Julian Siegel Jazz Orchestra – Tales From The Jacquard
(Whirlwind Recordings. Album review by Richard Lee)
For the last 25 years, saxophonist Julian Siegel has been establishing himself as a first-rate player in a variety of ensembles, including his own quartet. While this excellent recording is now four years old, its release cements Julian’s position in British jazz as a superb musician, composer/arranger and generous bandleader.
Clearly driven by something close to his heart – lace-making was Julian’s father Bernard’s life and career in Nottingham and the Siegels’ love of music was ever-present – the tales that Julian has spun from the Jacquard punch-cards and codes that guide the creation of intricate patterns in commercial lace production just fizz with creative energy. It’s also clearly an intellectual challenge he has set himself, to explore the mathematical, musical and system structures that the cards’ configurations present.
An accompanying booklet to the finely-presented CD package has a fascinating essay by Julian on how he has gone about that, and out of the detailed – occasionally head-spinning – complexity we’ve been gifted a terrific suite that brings to mind in its overall joyful sound work by the Mikes Westbrook and, especially, Gibbs. The latter is no surprise, Julian having been a key member of the 80th birthday gigs that took place around the same time as this was recorded and it has clearly benefited from that influence. These are tales that demand showcasing and the 20-strong ensemble do their boss proud. All credit to Derby Jazz for commissioning it, Nottingham’s Lakeside Arts for hosting it and to Cluny Lace for help with the research process.
Opening with the sound of the looms themselves suggests this could be a kind of audio Night Mail, an examination via tone-poem of the industry itself. The three movements of the suite are carefully constructed around themes and motifs that conjure mechanical rhythms and sounds of metal and materials being tautened, spun and in motion. The one that opens parts 2 & 3 has either a Penguin Café or folk air to it; either way, it’s all wonderfully evocative without being merely illustrative.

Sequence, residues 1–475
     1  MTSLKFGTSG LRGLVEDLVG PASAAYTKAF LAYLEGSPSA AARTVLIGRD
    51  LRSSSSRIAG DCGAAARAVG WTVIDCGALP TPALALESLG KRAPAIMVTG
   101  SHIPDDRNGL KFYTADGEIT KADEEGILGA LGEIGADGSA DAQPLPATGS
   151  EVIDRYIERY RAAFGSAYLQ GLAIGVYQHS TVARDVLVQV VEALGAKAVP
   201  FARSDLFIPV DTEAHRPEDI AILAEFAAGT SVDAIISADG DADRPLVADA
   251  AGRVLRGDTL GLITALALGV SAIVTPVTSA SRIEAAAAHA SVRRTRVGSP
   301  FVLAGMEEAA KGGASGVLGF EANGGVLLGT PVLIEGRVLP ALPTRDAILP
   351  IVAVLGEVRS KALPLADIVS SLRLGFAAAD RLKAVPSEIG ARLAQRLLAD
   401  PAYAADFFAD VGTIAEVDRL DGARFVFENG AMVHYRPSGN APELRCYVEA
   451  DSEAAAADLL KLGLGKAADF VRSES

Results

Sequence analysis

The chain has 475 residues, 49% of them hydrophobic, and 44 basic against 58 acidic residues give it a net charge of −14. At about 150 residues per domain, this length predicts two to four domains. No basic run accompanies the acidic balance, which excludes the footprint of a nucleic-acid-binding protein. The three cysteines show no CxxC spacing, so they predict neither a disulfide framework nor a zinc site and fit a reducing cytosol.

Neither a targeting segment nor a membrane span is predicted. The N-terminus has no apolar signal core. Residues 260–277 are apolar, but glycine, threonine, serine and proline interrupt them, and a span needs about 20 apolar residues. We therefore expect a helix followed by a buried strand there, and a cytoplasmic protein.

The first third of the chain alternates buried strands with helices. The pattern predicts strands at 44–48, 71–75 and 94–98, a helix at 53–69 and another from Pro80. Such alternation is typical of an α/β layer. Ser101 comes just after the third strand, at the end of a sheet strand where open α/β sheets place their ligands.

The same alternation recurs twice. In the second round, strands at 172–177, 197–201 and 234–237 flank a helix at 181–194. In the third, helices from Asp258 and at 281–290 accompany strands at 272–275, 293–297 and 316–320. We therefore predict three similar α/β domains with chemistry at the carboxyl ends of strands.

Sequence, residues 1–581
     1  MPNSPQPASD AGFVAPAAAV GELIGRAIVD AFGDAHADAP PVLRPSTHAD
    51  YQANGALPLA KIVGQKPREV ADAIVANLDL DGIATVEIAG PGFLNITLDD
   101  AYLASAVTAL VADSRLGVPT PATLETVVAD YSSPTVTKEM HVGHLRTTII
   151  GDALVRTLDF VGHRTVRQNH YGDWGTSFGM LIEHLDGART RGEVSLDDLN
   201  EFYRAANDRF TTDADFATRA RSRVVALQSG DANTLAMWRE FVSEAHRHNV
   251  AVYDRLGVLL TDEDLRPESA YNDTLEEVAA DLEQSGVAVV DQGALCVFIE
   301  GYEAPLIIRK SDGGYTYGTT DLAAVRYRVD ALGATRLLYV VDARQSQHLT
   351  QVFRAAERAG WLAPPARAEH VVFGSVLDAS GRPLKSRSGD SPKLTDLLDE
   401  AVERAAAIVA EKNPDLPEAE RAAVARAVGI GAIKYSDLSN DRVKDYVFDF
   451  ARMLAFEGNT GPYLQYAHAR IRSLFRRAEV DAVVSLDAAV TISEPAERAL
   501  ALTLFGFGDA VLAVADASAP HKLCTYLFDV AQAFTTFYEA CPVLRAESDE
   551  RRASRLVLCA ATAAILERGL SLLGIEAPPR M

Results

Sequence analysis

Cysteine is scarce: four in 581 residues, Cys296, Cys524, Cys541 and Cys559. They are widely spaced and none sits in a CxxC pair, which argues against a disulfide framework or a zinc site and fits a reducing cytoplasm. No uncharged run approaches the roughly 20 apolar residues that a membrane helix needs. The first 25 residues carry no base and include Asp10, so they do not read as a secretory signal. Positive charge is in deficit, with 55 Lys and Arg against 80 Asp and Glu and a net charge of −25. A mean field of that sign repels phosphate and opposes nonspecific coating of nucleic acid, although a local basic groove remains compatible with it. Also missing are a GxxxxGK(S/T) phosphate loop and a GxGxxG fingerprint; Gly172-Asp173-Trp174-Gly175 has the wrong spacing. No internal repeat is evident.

And most important, those themes and ensemble passages are the springboard to some thrilling soloing, notably from Claus Stötter on flugel and Tori Freestone on flute at the top of proceedings, and later in the third movement, from old hands Stan Sulzmann and Henry Lowther. Julian follows with his own blistering tenor to round off the suite which is generously shaped to give maximum room to the bandmembers’ prowess. Underpinning the solo work are long-term rhythm associates Liam Noble (who opens proceedings rather beautifully), Oli Hayhurst and Gene Calderazzo, all of whom take spots themselves. Let’s hope the suite has more outings, perhaps with some enterprising Midlands film-maker who’ll supply complementary images of the Jacquards.
The following set is all Siegel compositions, with the exception of the final track, Julian’s arrangement of Cedar Walton’s Fantasy in D, which is taken at quite a lick, injecting new life into this semi-standard, not least with his effortless tenor duet/duel with Stan Sulzmann. Stan is also featured along with Mike Chillingworth on alto having tremendous fun honking (sic) on The Goose, a much brasher version than Julian’s quartet offered on his album Vista, but completely apt for a bigger band.
There’s more standout soloing to be had from Jason Yarde and Trevor Mires on Blues which opens the second set, with plenty of room for orchestra and rhythm section to showcase their grip on things. Then to what is for my money the loveliest piece on the album: the plangent Song was another original from the Vista album and its opening up here, along with Mark Nightingale’s agile trombone and Percy Pursglove’s soaring flugel solos, is quite something. Claus Stötter, guesting from the NDR Big Band, deserves another mention here, taking the trumpet solo honours in The Missing Link.
It’s always a pleasure to see Julian on the stand, where he’s enhanced so many ensembles. It’s a delight therefore to hear him running his own so pleasurably for all concerned. Tales From The Jacquard is an essential record of a jubilant concert, and the premier of what will be seen as a notable work of British jazz. In every sense, a homecoming for Julian: Bernard Siegel would be proud beyond belief.
Tales from the Jacquard Part 1; Part 2; Part 3; Blues; Song; The Missing Link; The Goose (all comp. Julian Siegel); Fantasy In D (comp. Cedar Walton arr. Julian Siegel).
Julian Siegel: tenor and soprano saxophones, bass clarinet; Tom Walsh: trumpet; Percy Pursglove: trumpet/flugel; Henry Lowther: trumpet; Claus Stötter: trumpet/flugel; Mark Nightingale: trombone; Trevor Mires: trombone; Harry Brown: trombone; Richard Henry: bass trombone, tuba; Mike Chillingworth: alto saxophone; Jason Yarde: alto and soprano saxophones; Stan Sulzmann: tenor saxophone; Tori Freestone: tenor saxophone, flute; Gemma Moore: baritone saxophone, bass clarinet; Mike Outram: guitar; Liam Noble: piano; Oli Hayhurst: double bass; Gene Calderazzo: drums; Nick Smart: conductor.
Categories: Album review